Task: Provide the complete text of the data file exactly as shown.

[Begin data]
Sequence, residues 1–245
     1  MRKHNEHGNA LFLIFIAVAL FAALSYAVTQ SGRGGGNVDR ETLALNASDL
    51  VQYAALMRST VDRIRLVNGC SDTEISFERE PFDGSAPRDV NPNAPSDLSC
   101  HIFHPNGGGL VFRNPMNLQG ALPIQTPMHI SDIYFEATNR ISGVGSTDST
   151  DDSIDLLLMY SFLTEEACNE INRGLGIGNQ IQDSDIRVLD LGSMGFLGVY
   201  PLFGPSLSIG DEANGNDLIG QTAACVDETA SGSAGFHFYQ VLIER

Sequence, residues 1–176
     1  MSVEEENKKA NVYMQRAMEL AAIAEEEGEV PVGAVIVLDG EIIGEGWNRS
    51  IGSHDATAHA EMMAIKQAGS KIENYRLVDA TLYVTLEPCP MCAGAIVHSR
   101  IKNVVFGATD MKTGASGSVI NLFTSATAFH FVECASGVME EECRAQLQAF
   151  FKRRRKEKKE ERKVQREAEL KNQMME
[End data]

Sequence, residues 1–245
     1  MRKHNEHGNA LFLIFIAVAL FAALSYAVTQ SGRGGGNVDR ETLALNASDL
    51  VQYAALMRST VDRIRLVNGC SDTEISFERE PFDGSAPRDV NPNAPSDLSC
   101  HIFHPNGGGL VFRNPMNLQG ALPIQTPMHI SDIYFEATNR ISGVGSTDST
   151  DDSIDLLLMY SFLTEEACNE INRGLGIGNQ IQDSDIRVLD LGSMGFLGVY
   201  PLFGPSLSIG DEANGNDLIG QTAACVDETA SGSAGFHFYQ VLIER

Sequence, residues 1–176
     1  MSVEEENKKA NVYMQRAMEL AAIAEEEGEV PVGAVIVLDG EIIGEGWNRS
    51  IGSHDATAHA EMMAIKQAGS KIENYRLVDA TLYVTLEPCP MCAGAIVHSR
   101  IKNVVFGATD MKTGASGSVI NLFTSATAFH FVECASGVME EECRAQLQAF
   151  FKRRRKEKKE ERKVQREAEL KNQMME